Md. Board of Public Works Slashes $300 Million From State Budget

Demonstrators protest cuts

ANNAPOLIS, Md. -- Maryland officials approved almost $300 million in state budget cuts.

The Board of Public Works voted unanimously Wednesday to approve the cuts, which were made to adjust for the worsening economy.

About $85 million was cut from the Health Department, which is the biggest department in state government. Education and public safety also sustained significant cuts.

More than 800 jobs will be lost because of the cuts.

Gov. Martin O'Malley called the cuts painful but necessary because of the economy, adding that President George W. Bush's administration is among the worst in the nation's history when it comes to the economy.

Demonstrators in Annapolis protested cuts to the Developmental Disabilities Administration that serves about 22,000 people by providing job training and family and residential services. Carol Fried, of Kensington, said she has a 22-year-old son with severe disabilities and the DDA services allow her to work.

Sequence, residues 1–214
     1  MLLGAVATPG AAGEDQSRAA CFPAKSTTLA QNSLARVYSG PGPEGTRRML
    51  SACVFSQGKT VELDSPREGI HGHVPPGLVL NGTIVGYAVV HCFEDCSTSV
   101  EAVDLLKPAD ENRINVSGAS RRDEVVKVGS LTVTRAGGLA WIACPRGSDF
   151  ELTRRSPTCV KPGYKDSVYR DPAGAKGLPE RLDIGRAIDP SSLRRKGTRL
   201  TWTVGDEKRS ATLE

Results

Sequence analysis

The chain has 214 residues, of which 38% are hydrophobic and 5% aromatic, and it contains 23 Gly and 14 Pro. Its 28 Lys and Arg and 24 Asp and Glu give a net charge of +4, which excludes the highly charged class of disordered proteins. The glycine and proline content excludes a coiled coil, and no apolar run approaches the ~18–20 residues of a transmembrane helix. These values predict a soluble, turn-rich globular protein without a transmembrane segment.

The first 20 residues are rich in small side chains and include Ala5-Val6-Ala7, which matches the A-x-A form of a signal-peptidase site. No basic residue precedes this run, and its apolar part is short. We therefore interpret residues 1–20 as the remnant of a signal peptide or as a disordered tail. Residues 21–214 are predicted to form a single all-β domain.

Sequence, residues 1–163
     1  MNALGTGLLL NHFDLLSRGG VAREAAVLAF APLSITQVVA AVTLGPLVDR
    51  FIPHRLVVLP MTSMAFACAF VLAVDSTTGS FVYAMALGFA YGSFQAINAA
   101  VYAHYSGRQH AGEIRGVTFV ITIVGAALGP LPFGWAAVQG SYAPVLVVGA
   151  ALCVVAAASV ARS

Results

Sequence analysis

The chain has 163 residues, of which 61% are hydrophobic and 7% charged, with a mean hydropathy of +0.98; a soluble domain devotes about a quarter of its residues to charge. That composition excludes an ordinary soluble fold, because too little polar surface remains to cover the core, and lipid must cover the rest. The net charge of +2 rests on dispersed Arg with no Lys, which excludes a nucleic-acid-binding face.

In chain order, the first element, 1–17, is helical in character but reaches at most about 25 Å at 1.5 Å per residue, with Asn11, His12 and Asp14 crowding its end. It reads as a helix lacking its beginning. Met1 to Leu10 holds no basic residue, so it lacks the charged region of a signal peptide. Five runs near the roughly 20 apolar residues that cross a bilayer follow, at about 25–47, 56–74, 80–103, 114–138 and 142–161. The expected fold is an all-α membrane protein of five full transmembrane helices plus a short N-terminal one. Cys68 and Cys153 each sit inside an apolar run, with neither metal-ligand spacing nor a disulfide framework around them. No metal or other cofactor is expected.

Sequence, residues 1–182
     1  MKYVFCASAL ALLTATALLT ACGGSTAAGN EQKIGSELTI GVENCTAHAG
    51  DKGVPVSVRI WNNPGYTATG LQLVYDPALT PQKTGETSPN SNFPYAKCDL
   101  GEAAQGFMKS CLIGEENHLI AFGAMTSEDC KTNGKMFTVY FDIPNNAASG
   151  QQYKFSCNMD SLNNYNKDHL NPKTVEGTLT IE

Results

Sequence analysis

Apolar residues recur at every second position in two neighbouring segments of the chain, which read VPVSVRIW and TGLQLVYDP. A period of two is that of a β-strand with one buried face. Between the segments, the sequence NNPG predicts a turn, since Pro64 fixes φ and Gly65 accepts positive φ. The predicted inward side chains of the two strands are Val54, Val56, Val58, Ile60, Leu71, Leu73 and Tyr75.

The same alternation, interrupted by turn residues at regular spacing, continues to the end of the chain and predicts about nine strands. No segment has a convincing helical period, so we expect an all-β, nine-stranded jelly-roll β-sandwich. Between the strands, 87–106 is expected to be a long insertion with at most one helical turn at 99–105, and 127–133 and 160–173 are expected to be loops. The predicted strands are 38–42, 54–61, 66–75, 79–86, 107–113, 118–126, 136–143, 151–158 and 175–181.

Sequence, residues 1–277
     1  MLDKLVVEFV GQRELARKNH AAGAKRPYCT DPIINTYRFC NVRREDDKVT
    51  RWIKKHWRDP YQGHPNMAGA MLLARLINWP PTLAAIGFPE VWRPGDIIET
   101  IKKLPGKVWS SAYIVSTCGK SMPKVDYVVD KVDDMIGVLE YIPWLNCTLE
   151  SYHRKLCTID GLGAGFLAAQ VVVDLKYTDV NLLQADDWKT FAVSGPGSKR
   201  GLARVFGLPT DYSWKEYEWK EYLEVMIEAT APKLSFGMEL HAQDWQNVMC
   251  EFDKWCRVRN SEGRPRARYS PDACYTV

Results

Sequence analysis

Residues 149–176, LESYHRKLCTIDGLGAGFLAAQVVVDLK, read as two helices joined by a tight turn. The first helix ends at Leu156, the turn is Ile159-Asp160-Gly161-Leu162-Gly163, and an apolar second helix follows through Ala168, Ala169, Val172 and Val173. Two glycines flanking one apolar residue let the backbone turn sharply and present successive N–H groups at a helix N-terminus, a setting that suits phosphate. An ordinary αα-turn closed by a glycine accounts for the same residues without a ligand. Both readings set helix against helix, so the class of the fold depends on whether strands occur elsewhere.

The Board of Public Works also acted to handle a drop in tax revenue and to create a $152 million cushion to prepare for the next fiscal year, when estimated budget problems are expected to bring a shortfall of more than $1 billion.

State budget cuts add up to about $2.2 billion since he took office in January 2007, said O'Malley, who serves on the board with Treasurer Nancy Kopp and Comptroller Peter Franchot. The governor also said previous cuts and tax increases last year have put the state on much better financial footing than many other states.

Still, state officials are bracing for more fiscal pain, as uncertainty continues to swirl around the national economic crisis.

"No one knows for sure when we come through this cycle," O'Malley said at the board meeting. "No one knows for sure when the national economy bottoms out."
Franchot, looking ahead to more bad financial news, said the state needs "a comprehensive long-term view of Maryland's financial books."

"Let us put our state's near- and long-term spending obligations under the microscope and figure out ways that we can be more efficient," Franchot said.

Copyright AP - Associated Press
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